Friday, March 27, 2009

Thank You, Ada Lovelace

Some time between news of the day in parliament and 6am, BBC Radio Four becomes World News. If I am awake, I can learn about the parts of the world that are generally overlooked. I like that time of night. The peace of it and the sense of a trip to parts unknown. I usually doze in and out of sleep so I may be in Mozambique and then wake later to find myself in the middle of a panel program discussing ethics or cultural history. Some days ago I heard a blurb about Ada Lovelace day. I meant to write about it when I woke, but it fell into a dream fragment and nestled there until something woke me again. After Ada came Hypatia.

Ada Lovelace was a mathematician and influential in the early genesis of what has now become computer science. Ada Lovelace day was an effort to celebrate women in engineering and science who had influenced us. I drifted off to sleep thinking of some. And then I forgot about it until I heard a discussion of the comparative philosophies of Plato and Aristotle (don't ask me anything about that...) I woke as they talked about a painting of mathematical worthies and in the middle was the only woman--Hypatia. So surely in the thousand years or so between Hypatia and Ada Lovelace there were other women scientists and engineers that slipped through the artist's brush or the biographer's pen. Do you have favourites? If so, celebrate Ada Lovelace Day (belatedly, I admit, but then women's history is often like that, isn't it?) by talking about them.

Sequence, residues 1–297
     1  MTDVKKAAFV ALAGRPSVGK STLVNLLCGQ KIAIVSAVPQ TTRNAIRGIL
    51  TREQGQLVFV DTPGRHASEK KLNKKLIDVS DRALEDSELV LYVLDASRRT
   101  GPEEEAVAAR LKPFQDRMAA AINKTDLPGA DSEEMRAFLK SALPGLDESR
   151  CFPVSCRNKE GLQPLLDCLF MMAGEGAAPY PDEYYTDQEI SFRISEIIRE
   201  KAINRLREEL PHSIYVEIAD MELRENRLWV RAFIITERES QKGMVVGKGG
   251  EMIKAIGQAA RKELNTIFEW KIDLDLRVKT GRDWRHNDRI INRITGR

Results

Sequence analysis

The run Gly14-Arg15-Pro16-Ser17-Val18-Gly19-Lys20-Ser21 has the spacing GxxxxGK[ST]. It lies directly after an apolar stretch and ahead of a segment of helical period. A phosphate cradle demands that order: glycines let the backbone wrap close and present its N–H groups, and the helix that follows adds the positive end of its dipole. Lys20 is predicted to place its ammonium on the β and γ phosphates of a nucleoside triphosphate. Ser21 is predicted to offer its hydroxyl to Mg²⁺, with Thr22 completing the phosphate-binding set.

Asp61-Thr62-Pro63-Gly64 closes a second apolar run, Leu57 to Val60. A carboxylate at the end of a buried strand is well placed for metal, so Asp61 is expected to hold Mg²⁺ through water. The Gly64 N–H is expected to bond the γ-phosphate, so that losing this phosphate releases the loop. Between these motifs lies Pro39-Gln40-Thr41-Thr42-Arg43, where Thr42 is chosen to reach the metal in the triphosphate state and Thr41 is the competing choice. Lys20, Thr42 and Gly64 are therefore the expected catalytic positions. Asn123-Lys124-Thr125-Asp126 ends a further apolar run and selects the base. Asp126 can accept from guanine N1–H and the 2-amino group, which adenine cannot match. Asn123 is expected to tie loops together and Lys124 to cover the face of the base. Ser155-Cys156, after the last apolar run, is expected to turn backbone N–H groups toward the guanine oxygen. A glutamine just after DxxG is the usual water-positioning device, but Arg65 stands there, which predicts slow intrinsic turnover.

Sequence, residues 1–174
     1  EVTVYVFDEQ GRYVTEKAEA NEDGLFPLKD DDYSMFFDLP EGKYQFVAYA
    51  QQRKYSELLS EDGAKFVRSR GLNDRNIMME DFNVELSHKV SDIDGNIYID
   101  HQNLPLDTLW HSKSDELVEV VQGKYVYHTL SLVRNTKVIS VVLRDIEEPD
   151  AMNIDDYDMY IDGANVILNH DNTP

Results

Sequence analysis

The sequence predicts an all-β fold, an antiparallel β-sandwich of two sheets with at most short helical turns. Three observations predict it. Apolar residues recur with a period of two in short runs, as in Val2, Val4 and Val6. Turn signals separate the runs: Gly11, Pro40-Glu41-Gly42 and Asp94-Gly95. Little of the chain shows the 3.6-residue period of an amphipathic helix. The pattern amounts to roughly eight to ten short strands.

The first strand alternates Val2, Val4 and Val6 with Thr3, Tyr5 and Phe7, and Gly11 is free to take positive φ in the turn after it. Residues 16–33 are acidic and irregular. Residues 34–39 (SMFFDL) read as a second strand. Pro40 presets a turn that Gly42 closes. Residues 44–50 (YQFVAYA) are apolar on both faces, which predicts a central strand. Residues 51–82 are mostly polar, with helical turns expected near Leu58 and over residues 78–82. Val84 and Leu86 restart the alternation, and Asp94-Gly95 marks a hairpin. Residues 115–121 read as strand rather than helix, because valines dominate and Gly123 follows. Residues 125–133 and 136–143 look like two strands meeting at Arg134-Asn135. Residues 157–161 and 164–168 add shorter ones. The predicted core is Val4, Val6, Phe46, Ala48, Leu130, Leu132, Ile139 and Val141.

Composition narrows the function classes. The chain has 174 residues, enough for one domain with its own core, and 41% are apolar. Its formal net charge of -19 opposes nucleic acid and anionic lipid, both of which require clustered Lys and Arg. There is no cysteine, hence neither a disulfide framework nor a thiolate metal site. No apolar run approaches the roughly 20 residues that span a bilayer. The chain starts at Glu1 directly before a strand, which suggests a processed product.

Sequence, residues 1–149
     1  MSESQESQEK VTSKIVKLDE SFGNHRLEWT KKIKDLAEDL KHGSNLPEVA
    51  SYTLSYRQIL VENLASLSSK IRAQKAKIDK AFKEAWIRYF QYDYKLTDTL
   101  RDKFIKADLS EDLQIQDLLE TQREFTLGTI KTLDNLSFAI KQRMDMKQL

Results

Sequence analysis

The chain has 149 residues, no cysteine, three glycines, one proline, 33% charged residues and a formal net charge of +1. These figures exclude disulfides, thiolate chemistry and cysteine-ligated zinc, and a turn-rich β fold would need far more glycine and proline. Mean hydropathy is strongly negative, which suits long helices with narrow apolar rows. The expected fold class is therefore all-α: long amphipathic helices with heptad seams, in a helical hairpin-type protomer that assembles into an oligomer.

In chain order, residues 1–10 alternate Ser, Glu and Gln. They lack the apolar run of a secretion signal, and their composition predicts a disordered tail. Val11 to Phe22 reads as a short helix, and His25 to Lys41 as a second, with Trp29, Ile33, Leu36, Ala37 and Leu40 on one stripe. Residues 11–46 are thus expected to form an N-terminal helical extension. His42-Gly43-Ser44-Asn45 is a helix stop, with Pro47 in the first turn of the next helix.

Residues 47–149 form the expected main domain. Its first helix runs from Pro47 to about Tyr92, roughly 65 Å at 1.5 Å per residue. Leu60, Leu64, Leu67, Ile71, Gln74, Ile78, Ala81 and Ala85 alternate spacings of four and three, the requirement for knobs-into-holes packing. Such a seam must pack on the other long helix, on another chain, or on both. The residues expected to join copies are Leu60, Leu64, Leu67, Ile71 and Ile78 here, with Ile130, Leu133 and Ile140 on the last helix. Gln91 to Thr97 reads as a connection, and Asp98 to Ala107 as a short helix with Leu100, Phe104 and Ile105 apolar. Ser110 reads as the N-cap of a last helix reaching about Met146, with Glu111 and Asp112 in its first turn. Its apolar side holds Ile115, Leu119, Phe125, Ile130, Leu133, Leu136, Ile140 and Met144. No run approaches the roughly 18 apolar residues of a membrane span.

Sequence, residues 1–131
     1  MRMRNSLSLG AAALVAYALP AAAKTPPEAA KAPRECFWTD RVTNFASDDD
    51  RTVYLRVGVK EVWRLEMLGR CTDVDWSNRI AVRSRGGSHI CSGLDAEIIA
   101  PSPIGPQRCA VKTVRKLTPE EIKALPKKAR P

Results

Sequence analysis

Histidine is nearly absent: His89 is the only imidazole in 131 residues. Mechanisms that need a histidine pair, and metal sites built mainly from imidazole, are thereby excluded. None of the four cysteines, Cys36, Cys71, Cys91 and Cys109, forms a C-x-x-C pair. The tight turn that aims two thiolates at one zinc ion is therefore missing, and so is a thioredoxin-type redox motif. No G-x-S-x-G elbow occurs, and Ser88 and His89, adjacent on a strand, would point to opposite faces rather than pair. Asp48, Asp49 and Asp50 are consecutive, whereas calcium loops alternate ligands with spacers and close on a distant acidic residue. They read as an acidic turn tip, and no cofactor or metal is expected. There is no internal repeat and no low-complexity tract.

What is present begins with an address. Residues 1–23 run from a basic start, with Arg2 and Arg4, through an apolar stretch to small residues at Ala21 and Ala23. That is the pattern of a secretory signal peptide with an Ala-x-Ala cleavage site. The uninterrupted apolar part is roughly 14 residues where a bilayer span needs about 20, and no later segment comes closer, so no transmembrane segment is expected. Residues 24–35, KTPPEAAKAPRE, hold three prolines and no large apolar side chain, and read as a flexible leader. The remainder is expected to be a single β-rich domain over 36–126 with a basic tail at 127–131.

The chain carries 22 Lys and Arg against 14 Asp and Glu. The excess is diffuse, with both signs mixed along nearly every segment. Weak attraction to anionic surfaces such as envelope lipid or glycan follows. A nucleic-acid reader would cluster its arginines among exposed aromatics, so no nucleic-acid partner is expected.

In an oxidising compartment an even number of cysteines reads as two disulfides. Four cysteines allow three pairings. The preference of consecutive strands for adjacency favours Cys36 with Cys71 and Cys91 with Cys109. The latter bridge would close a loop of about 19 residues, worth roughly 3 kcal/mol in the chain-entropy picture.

Here's a couple of mine--Elizabeth Blackwell, first woman to become a doctor. I read her story when I was about 8 or 9 in one of those blue-backed books of biographies. I also read about Knute Rockne, but never dreamed of becoming an athlete.

Marie Curie--being an experimental scientist was not an easy life and she paid a heavy price for her research.

Lisa Wenzler, molecular chemist and wise human being. She tried to teach me to ride the wave of corporate America. I didn't drown and in the process learned a lot--even a bit about molecules and science.

Susan Hinrichs. A quiet scholar who got her PhD in what is still a pretty male dominated field--computer science and makes her own way mixing family and career.

So who are some of your women in science, math, engineering?


At 8:39 PM, Anonymous ampiggy said...

My heroine is Henrietta Parker, Chemistry teacher at Shortridge High School. Sometimes she would be wearing a suit and on those days she attended a daytime meeting of the American Chemical Society. I thought it was neat that she kept up professionally. I was dimly aware that it was unusual for a woman to be teaching chemistry. I also admired her enthusiasum for her subject.

At 11:05 AM, Blogger landgirl said...

Oh, I like her, too. Thanks for sharing her story here.

At 2:55 PM, Anonymous Anonymous said...

I feel honored to be mentioned with such great women. I log on every once in awhile and truly enjoy reading what you have to say - you have a gift for words. That is why my "ride the wave" helped you in this place where time and words were not as appreciated - Lisa

At 3:48 PM, Blogger landgirl said...

Oh, Lisa, I am so glad you stopped by. I think of you often. Yes, "ride the wave" was just the right metaphor for me. Who knew where that wave would take me? I hope you and your family are all well. If you ever want to get away from it all, the latchkey is out. Amy can tell you what a wonderful part of the world this is (during the summer at any rate!). We can make house kid friendly or you can run away from it all and have a Highland retreat.


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